Janet Grey

My Story

How my adventures abroad became my own personal “Travel School” -- leading me in the right direction and eventually leaving me with no choice but to start a curated private driver-guide business.

by Janet Grey, Founder and CEO, TravelDrivers*

*(scroll down for her highlighted hard-learned “travel school” lessons).

I love to celebrate my birthday!  Every year I have a big Hat Party to celebrate making it through another year and commemorate having the opportunity to do so.  I’ve been doing it for so long that it’s become a highly anticipated ritual.  I call it my Hat-Tastic Birthday Extravaganza and, on average, 100 guests attend.  As you can imagine, everyone must wear a hat, and it’s always fun to see what they come up with (this is no baseball and knit cap affair!).

 

When the cake comes out, I always give a speech — and what I say never changes: 

 

"I believe in celebrating Birthdays in a big way because we are all SO privileged to have them!  We have all lost dear friends who, if given the chance, would have loved to continue to celebrate their own birthdays, but sadly their lives were cut short.  Rather than lament the fact that our ‘number' is increasing, let’s be grateful that we have the opportunity to continue living, experiencing, growing and having fun!”

As I celebrate my own special day, I think of all of them, my passed loved ones, and feel them around me and remember our wonderful times together while being surrounded by and having a fabulous time with those I love and enjoy now in my life.  What could be better?  

 

I suppose my gratitude level is, perhaps, abnormally high because it could very easily have gone quite the other way for me...

 

Looking back at 2005, the year started out quite wonderfully! I’d just returned from a glorious, colorful month in India.  By early summer, I’d lost a bunch of weight, dyed my hair back to blonde (as it had naturally been in my younger years) and I was basically experiencing that “blondes have more fun” kind of life — at least for the most part. Unfortunately, one area of my life was not going quite as swimmingly. I had started feeling…. not quite right in the female way. To be very candid here, my periods were ridiculously long and, well, just bad. On top of that, and for me even worse, sex was painful. I am saying this so openly to be of service to anyone reading this who may wonder what signs to look out for.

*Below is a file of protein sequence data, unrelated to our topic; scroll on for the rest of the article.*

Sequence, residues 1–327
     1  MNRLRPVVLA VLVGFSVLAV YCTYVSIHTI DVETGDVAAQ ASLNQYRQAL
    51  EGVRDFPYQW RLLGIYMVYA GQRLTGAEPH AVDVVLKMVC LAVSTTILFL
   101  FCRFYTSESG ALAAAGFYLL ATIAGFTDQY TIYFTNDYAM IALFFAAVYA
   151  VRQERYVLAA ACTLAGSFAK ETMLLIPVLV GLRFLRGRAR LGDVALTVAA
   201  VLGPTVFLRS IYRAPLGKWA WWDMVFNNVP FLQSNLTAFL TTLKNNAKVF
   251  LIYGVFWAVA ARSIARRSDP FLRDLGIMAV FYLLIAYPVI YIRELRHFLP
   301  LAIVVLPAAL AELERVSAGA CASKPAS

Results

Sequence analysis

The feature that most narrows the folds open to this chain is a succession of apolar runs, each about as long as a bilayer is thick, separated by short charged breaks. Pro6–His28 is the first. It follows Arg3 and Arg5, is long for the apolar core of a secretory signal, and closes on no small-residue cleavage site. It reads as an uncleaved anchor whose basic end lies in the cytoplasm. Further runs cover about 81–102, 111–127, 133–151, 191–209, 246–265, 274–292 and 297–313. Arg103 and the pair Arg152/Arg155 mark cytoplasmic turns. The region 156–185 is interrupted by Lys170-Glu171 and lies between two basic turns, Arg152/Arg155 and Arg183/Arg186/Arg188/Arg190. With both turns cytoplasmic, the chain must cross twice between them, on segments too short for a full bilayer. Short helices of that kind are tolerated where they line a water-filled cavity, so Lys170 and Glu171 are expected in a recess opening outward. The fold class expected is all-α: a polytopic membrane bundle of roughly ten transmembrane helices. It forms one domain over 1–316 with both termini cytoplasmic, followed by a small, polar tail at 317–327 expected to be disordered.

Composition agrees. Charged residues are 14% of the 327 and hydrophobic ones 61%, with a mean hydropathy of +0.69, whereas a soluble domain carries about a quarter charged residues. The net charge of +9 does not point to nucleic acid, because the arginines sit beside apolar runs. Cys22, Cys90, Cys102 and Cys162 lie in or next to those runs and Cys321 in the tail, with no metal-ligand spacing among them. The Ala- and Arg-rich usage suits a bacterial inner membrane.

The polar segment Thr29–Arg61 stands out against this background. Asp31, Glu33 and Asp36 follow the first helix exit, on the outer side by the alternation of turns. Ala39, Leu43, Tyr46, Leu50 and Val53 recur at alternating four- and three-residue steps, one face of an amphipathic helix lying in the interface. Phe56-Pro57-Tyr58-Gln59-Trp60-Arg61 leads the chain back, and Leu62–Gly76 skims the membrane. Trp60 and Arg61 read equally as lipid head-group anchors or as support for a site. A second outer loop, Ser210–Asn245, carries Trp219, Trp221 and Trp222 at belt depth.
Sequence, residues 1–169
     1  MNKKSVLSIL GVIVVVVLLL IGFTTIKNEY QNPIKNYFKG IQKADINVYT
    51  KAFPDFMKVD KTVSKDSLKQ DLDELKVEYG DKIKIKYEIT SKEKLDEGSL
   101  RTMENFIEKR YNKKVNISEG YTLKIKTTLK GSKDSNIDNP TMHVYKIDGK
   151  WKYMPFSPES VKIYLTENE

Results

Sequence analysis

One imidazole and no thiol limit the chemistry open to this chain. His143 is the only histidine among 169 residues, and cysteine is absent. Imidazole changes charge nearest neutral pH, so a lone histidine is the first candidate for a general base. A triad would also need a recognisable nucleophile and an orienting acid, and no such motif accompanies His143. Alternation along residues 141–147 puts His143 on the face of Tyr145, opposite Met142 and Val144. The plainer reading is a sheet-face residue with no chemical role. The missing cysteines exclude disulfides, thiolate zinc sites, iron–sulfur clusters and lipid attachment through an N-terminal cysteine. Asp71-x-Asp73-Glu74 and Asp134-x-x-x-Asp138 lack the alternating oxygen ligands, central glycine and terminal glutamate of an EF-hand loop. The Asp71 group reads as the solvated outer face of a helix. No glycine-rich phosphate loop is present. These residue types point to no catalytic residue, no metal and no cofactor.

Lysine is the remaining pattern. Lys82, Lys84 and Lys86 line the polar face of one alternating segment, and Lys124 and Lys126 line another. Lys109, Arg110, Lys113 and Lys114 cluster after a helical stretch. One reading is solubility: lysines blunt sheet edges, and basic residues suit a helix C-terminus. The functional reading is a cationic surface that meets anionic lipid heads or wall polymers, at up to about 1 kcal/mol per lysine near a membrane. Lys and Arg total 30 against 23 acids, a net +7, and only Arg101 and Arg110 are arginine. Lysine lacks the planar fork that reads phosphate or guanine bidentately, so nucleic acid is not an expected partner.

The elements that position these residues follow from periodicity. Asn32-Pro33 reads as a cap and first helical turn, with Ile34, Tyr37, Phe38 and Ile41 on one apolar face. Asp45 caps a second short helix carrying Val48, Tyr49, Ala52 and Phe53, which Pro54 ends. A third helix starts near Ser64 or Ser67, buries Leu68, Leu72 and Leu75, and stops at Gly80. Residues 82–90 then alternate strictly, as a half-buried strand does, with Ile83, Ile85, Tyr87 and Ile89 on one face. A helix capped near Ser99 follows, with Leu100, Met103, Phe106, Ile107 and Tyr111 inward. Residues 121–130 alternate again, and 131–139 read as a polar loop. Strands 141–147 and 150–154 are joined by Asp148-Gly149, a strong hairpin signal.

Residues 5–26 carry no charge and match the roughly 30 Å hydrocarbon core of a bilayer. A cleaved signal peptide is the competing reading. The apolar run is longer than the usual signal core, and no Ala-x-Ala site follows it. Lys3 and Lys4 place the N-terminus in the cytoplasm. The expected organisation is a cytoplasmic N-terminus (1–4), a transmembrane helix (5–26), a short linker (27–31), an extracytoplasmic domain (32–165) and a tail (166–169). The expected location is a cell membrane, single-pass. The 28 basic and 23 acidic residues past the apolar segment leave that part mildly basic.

I’d go to the doctor and say, “Figure out why sex is painful” and then, “Oh, and by the way, my periods are very bad, too.” Ironically, that was how my priorities were lined up for the first time in my life.  As it turned out, many doctor appointments and tests later, I was diagnosed with two simultaneous primary cancers: ovarian (stage 3) and uterine (stage 2). 

 

I am what they call an HSP, which stands for “Highly Sensitive Person.” It can be a completely annoying in some ways, but it also allowed me to actually feel my cancer.  Despite the fact that my multiple medical appointments in 2005 at first came up with nothing, once the holidays came around, I was in such extreme pain in my lower right side that I actually couldn’t even stand up!  As it turned out, I was actually feeling my ovarian cancer — often called the “silent killer” of women. And because I’d already been going to so many doctors for those other issues, the dots were connected in time to save my life, despite the fact that it had metastasized to my lymph nodes (often a death sentence).

 

The fact that it was discovered was a very "happy accident" and now, 13 years later, I’m here, alive, to tell the tale, explore the world and pursue my dreams… WOW, how lucky is that?  To me, it’s nothing short of a true miracle, deserving of all the gratitude I can possibly express.